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Re: When is a first letter not a :first-letter?

From: Brad Kemper <brkemper@comcast.net>
Date: Mon, 30 Jun 2008 09:36:35 -0700
Cc: Ambrose Li <ambrose.li@gmail.com>, www-style@w3.org
Message-Id: <21E42B1A-4622-431F-B7E6-BE74E0C0F479@comcast.net>
To: David Walbert <dwalbert@learnnc.org>

On Jun 30, 2008, at 6:07 AM, David Walbert wrote:

> On Jun 30, 2008, at 12:14 AM, Ambrose Li wrote:
>
>> But I would tend to think that normal typographic practice would
>> more likely treat a number as the same class as a letter but not
>> punctuation.
>
>
> For "normal typographic practice" the main use case would be  
> something like a drop cap, and I'd never make a numeral into a drop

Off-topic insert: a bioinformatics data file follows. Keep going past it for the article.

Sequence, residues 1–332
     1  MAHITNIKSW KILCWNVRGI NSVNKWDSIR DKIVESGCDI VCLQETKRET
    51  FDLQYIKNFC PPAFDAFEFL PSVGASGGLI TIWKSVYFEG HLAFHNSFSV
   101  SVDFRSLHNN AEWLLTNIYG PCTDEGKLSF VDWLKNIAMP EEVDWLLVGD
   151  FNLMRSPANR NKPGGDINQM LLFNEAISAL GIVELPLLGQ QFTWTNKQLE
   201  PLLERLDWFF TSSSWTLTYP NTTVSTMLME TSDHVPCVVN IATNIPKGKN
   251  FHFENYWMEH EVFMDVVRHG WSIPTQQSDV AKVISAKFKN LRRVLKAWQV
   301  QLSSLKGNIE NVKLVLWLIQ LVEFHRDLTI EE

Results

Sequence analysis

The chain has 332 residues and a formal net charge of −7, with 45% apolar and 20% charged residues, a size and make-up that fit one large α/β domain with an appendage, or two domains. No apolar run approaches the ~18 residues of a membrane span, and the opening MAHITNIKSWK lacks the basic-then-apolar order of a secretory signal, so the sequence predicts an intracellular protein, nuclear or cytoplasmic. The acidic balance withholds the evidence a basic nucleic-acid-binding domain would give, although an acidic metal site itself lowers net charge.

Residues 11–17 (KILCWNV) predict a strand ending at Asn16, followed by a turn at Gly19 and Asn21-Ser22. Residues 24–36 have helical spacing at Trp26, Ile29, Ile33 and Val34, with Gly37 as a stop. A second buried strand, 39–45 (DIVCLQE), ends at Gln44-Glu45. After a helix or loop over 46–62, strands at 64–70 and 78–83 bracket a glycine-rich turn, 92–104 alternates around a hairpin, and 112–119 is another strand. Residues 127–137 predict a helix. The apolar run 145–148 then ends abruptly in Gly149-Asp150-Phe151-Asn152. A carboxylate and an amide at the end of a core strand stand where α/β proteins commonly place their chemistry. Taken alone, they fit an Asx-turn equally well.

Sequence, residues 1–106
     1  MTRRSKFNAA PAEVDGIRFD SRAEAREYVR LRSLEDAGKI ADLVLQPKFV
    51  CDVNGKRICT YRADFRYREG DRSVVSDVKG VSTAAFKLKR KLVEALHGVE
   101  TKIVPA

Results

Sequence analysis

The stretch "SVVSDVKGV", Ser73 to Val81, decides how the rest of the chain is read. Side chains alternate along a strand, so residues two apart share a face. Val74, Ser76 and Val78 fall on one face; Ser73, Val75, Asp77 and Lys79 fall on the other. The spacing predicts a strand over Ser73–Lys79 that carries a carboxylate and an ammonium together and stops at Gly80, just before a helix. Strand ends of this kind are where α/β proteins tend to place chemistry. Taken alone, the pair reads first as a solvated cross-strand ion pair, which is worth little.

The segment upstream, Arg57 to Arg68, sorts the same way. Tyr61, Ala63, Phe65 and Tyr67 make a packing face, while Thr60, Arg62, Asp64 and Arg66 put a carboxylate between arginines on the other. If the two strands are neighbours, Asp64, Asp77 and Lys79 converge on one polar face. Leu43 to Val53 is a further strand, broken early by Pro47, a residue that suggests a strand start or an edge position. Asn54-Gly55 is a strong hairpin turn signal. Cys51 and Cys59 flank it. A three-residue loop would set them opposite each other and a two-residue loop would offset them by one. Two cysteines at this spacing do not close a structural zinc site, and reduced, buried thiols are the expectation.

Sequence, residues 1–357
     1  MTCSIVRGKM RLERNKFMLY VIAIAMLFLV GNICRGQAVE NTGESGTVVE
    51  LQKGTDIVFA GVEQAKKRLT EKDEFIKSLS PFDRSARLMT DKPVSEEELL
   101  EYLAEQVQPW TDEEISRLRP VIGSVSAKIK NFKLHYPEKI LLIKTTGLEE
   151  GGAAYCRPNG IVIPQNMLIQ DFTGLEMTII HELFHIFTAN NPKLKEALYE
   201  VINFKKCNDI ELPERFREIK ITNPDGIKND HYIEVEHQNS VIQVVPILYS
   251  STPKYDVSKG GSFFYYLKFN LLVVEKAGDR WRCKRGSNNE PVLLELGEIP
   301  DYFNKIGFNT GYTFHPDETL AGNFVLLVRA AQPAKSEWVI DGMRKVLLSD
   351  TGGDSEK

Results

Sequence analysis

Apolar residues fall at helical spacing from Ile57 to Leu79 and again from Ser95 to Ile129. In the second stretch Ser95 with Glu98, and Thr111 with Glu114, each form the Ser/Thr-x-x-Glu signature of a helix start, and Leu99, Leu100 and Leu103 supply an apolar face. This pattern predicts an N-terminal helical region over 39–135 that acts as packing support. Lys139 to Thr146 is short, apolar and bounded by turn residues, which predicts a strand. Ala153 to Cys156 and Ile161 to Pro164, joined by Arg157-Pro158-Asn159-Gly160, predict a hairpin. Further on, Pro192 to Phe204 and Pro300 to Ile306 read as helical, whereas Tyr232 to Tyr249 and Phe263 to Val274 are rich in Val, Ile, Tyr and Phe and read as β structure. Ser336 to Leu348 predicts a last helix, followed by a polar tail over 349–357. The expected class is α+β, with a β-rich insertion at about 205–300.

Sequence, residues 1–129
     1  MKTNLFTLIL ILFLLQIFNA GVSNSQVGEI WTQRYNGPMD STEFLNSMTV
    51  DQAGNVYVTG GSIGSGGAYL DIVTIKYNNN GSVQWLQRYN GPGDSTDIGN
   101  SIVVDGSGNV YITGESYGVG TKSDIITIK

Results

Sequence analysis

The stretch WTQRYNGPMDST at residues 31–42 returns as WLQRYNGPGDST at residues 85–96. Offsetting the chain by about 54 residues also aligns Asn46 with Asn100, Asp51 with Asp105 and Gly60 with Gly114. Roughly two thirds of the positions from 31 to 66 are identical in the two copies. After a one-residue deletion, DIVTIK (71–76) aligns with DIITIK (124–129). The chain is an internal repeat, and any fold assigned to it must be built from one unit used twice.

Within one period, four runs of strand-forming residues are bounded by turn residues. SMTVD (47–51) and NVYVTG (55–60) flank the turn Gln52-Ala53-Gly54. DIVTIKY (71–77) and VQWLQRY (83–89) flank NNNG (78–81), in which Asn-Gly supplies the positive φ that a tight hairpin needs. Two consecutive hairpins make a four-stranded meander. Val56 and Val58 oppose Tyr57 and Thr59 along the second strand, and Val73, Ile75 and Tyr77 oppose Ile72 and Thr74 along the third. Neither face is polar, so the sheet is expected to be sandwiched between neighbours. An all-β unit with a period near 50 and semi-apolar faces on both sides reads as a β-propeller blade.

> cap. But best practice in English is if your sentence starts with a  
> number to spell it out rather than using numerals -- which means  
> it's a moot point whether the numeral is a "first letter" for  
> styling purposes; styling that first numeral would be a questionable  
> presentation of bad editing.
>

Right, except you can't always know or guarantee that the page using  
your style sheet won't have text you didn't plan on. (Or maybe you  
can, but I can't.) So what happens if I have a sentence that starts  
out with something like "1,000,000,000 years ago...", and I have a  
style sheet that creates a drop cap by taking the first letter and  
making it large and floated left? Do I get a large, floated "y",  
wrapped by text that begins  "1,000,000,000 ears ago..."?

What if my sentence begins with a dollar sign or copyright symbol? Are  
those considered punctuation, to be included along with the first  
letter? Would that be the case even if the numbers to the right of  
those symbols were not considered letters?
Received on Monday, 30 June 2008 16:37:37 GMT

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